Love. Trust. Love.
Everything starts with Love.
I just finished a 3 month sabbatical! I went into it on a journey towards emotional health. It started about five years ago, when I was introduced to the book Emotionally Healthy Spirituality. It’s been a slow journey. I’ve re-read EHS a few times and referred back to chapters another half dozen. It’s been useful in helping me navigate relationships, but also propelled me on a journey of inner healing.
I was already on this journey for quite a while when the opportunity came up to take a sabbatical. I’ve heard it said that, “God doesn’t waste anything,” and I have certainly found that to be true. I didn’t know how many pains, frustrations, disappointments, and misconceived ideas about God had been shaping my heart. I also didn’t know that the many devotionals, podcasts, therapy sessions, and Enneagram work I had been doing would play such a huge role. (I’m very thankful for my family, friends, and mentor during my sabbatical.)
I say all that for you to understand this hasn’t been just three months . . . it has been the culmination of five years of work (although I don’t really think I’m done).
I guess I gave you the punchline already—everything starts with love.
The first thing I worked on was re-engaging, within my heart, God’s love for me. I sat with this idea for weeks. His love for me despite sin and inadequacies. His unconditional, never-ending, relentless love for me. I was the “one” for whom he left the ninety-nine.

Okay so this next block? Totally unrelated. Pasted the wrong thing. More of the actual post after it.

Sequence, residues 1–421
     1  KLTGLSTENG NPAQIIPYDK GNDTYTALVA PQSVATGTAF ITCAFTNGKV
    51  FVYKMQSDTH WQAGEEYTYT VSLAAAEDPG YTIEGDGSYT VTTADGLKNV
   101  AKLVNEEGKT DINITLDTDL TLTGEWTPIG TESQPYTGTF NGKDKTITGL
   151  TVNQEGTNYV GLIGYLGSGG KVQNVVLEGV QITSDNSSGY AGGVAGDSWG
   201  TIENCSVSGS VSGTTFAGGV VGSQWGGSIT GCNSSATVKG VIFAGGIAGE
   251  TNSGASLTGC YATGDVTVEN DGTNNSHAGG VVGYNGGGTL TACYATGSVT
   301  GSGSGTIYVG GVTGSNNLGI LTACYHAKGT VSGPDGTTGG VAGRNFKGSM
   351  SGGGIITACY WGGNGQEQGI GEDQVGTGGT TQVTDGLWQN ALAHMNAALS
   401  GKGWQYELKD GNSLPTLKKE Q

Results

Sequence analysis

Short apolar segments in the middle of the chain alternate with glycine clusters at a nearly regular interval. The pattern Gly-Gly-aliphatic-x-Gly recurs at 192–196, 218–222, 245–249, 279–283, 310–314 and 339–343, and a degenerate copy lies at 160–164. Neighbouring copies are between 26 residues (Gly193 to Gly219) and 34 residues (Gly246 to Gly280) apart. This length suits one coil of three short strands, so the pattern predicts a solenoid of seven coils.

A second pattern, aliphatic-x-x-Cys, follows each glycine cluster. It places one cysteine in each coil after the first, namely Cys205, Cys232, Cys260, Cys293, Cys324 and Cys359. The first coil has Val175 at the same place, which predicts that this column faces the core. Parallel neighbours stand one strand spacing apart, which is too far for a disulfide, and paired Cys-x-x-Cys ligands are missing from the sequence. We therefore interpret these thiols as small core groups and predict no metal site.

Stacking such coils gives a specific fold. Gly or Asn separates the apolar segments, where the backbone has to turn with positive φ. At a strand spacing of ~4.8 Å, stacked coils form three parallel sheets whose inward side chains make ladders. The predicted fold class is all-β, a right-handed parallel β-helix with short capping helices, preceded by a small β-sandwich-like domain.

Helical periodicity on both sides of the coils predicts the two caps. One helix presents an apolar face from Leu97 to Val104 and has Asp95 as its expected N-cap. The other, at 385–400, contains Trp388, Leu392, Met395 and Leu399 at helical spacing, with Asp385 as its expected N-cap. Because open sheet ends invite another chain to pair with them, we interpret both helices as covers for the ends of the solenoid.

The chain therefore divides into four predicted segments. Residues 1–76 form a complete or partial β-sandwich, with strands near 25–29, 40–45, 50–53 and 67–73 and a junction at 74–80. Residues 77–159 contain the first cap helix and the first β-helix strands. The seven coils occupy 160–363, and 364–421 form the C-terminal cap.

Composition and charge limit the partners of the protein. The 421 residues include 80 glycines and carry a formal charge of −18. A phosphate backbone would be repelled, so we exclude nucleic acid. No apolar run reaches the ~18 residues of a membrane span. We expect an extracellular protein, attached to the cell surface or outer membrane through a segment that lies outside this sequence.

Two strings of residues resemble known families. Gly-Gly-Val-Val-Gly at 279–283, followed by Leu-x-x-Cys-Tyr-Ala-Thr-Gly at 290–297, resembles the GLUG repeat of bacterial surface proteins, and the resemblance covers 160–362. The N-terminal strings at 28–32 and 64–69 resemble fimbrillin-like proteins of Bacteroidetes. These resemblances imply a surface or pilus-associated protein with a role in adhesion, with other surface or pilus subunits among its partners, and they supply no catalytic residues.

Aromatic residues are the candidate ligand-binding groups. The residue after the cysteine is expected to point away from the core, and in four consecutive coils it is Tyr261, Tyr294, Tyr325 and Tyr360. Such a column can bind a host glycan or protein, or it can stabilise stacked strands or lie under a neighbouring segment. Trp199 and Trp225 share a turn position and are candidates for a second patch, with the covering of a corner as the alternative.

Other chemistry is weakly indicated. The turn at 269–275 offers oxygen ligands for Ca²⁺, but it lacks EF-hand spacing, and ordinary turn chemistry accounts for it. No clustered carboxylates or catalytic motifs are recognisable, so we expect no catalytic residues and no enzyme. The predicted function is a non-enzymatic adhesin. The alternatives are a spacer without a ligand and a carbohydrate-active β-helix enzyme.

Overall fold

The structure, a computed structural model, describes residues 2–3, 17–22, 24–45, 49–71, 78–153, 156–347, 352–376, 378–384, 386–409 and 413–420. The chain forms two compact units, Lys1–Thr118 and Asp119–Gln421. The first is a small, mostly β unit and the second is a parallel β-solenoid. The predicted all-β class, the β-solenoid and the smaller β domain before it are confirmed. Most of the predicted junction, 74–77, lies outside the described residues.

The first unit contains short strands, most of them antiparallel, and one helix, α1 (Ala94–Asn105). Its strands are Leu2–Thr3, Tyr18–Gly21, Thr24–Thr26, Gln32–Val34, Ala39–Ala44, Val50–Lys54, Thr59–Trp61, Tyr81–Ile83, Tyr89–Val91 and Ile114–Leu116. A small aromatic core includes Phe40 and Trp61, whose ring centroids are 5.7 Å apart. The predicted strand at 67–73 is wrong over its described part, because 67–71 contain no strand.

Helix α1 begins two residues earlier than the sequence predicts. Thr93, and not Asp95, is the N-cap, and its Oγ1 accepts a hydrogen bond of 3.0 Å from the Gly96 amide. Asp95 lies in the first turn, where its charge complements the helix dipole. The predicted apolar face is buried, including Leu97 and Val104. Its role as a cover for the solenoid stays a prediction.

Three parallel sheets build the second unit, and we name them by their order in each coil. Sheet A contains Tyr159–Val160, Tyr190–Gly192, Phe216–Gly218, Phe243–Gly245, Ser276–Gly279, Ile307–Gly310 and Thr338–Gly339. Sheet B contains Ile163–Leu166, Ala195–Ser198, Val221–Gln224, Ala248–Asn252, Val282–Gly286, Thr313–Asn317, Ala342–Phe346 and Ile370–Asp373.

God’s love for us is the most important thing to understand. No, understand is not the right word. You have to contemplate it. Sit with it. Know it on an emotional level. It’s first-button, first-hole (i.e., buttoning a shirt)—if you “understand” this well, it sets you up for everything else that follows. If you don’t get it, you’re stuck! And it’s subtle too. I thought I had a good handle on it—in a lot of ways I did. But once I reengaged my heart with His deep love for me, it set me free to be able to love Him deeper as well. Not merely in my head. Not contractually. But in relationship.
This call from the Lord reminds me of John 21 when Jesus is reengaging Peter after his three denials. Peter (or Kevin), do you love (brotherly love) me? Or, are you even my friend?
David Benner in his book Surrendered to Love says it this way: “What a different relationship begins to develop when you realize that God is head-over-heels in love with you.”
Once you understand Jesus’ love for you, individually—not just that God loves the world but that He sees and knows you as you are and takes pleasure in you as His creation, child, and friend—then you are able to truly love Him in relationship.
It’s hard to trust someone as deeply as God is asking us to trust Him without a love relationship. If it’s merely contractual, it turns into legalism or quid pro quo.
After you understand God’s love for you and reciprocate that love, you are able to trust Him with your life and truly surrender control (or the illusion of control).
You are able to understand God’s goodness in all things—not just when things are turning up roses, but trusting God’s goodness in all seasons. Then, when situations arise that are challenging, frustrating, disappointing, or just make you angry, you can bring them to God and say, “I trust you with this. Even if things are painful or don’t go my way, I trust that you can get me where you want me.”